The Rest is Silence

William Shakespeare
Riverside Studios

The Rest Is Silence

No, it is not a newly discovered addition to the Shakespeare canon but, as you might guess from the title, this company's take on Hamlet: a filleted and reordered version using Shakespeare's words, sometimes in new and imaginative ways.

Previous work that I have seen by dreamthinkspeak has been site-specific, either drawing a story from the place or choosing a location where they could create an evocation of the tale they had chosen. They have been journeys through environments with carefully chosen furniture or props, sound, film sequences along the way, strange images in unusual places, most acted sequences only glimpsed and a minimal use of spoken text. This is very different.

A raised stage surrounds the standing audience which is compartmented into separate rooms, linked like the sequences of rooms in a seventeenth century palace and separated from the audience by glass panels. When unlit they become invisible, the glass a mirror reflecting lit scenes elsewhere. Sometimes the action moves from room to adjoining room, sometimes a space lights up on a different side, even above your head, and sometimes scenes in two locations are intercut with each other. These all seem private spaces, the audience are eavesdroppers, or perhaps even watching everything on a CCTV system from some secret control room, for tiny television screens appear above the huge glass panels when the play comes to its end.

This becomes entirely a palace affair. Although we see Claudius rehearsing his first speech as he performs his morning ablutions (and intriguingly he doesn't share a bed with Gertrude) and then deliver it to a television camera under Polonius's supervision, there is no involvement with the world outside. There is neither Fortinbras, nor Horatio, palace sentries, players, gravediggers or courtiers. This is an affair between two families: Hamlet's and Polonius's. Rosencranz and Guildenstern are called in to sort out Hamlet. We see them rehearsing various approaches to how they are going to approach him but we never actually see them with him. Their communications appear to by text or e-mail on their iPads: snatches of Hamlet's dialogue and soliloquies, even his conversation with Polonius. Perhaps these aren't voluntary messages at all but they are hacking into his messages and his mind.

There is no sense of regime change or of a state in turmoil; no warring Norwegians, Laertes is not leading a rebellion. If it is a surveillance culture, that is not apparent until the end, but everyone is busy sticking their noses into others' private business, Gertrude has got her hands on all Hamlet's letters to Ophelia and even Ophelia searches on her father's computer.

If you know the play at all, the story-telling is straightforward, though at the same time you'll be registering what they've done with it. I think it will be pretty clear to those who don't know it too, who won't find half their mind registering the manipulations. They won't be thrown, for instance, by Hamlet's letter describing what happened on the way to England being read by Claudius. Is it written to him in this treatment or has it been purloined? It does change the situation that leads up to the duel if Hamlet is actually telling Claudius—and the excuses for the duel and the fatal preparations for that confrontation are not clearly established.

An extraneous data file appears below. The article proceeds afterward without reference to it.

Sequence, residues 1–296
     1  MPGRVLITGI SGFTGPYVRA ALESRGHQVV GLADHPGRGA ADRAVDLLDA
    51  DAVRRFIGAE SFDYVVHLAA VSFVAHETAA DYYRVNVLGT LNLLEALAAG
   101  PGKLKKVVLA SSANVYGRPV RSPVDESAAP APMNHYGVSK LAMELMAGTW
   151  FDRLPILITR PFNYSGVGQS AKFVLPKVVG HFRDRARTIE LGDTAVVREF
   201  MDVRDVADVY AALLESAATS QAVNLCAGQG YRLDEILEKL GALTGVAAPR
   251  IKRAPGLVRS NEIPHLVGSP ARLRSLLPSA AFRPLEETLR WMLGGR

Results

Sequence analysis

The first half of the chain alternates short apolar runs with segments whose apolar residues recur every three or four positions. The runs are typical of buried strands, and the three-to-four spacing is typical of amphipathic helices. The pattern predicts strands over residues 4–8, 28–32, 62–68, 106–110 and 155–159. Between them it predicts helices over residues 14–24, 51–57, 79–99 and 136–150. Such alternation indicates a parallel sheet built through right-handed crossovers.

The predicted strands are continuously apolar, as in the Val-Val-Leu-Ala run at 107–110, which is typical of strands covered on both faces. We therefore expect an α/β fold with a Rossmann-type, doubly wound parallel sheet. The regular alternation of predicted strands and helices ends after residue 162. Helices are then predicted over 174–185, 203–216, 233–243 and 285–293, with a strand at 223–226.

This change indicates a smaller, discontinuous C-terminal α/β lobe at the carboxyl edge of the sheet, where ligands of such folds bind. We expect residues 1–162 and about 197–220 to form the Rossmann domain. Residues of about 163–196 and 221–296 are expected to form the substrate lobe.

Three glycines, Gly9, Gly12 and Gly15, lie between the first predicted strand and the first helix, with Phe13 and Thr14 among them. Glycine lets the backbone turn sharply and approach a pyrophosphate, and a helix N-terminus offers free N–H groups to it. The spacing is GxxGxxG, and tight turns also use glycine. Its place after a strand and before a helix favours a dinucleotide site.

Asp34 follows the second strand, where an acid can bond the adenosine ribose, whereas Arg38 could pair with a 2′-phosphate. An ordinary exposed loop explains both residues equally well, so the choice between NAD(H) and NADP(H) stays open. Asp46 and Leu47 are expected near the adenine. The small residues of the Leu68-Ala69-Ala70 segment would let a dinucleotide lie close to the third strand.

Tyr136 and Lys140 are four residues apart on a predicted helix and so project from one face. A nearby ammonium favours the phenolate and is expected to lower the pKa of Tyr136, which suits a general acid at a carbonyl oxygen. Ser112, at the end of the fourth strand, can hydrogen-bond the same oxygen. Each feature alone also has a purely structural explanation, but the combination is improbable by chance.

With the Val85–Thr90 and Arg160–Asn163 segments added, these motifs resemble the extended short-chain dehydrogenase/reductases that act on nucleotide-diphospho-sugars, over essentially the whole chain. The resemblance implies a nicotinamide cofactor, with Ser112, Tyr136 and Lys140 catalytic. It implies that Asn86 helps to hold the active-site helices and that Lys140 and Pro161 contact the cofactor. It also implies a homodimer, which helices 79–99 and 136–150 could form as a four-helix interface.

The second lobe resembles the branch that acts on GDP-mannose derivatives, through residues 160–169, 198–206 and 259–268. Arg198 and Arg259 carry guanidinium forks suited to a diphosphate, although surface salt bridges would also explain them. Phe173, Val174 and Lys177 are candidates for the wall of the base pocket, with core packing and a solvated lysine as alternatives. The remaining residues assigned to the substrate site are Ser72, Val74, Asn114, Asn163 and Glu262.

There are a number of non-verbal episodes, some of which go on long after they have made their point, and some realised on film, including Ophelia's suicide and burial and an opening sequence that at first I took to be Hamlet visiting his father's grave that actually shows Claudius. Is this the orchard where Claudius killed his brother? Is this supposed to show the murder which sparks off the plot? Certainly this treatment gives Claudius's guilt as much prominence as Hamlet's slow response to his father's ghost whose appearance and injunction to revenge comes well into the performance.

Edward Hogg's black-clad, long-haired Hamlet seems very traditional. He is often seen morosely brooding while other scenes take place. He's lost a lot of his speeches but he delivers the text strongly, sometimes playing against the verse. He is at his best in the scene where, handgun-wielding, he comes across Claudius playing and in a passionate episode where, at the same time, he confronts both Gertrude and Ophelia, the lines being drawn from the "get thee to a nunnery" scene (now directed at his mother) and the "closet" scene, a device that dramatically works extremely well.

There is a strong, well-spoken Claudius from Philip Edgerley and an aristocratic Polonius from Richard Clews. It is not his pedantry that gets laughs but his attempts to find a place to find behind the furniture when planning how to overhear Hamlet with Ophelia. Bethan Cullinane's Ophelia seems to be going mad long before her father's death and Ruth Lass's Gertrude, though a caring mother, may well have been aware of her husband's murder. Michael Brhyer and Stewart Hefferman are a giggling Rosencranz and Guildenstern and Thorston Manderlay a darkly mysterious ghost.

Director Tristan Sharp has drawn committed performances from his cast and with co-designer Robin Don has devised an intriguing way of presenting it. Unless you are tall enough to see over everyone else's heads, you have to keep changing location to follow all of it, which perhaps increases the involvement, though I missed the immersive nature of the company's earlier work. It is a very stylish presentation; this is show house Elsinore, and a very watchable 90 minutes, performed well enough to want to see these actors in a version that hasn't been deconstructed.

Reviewer: Howard Loxton

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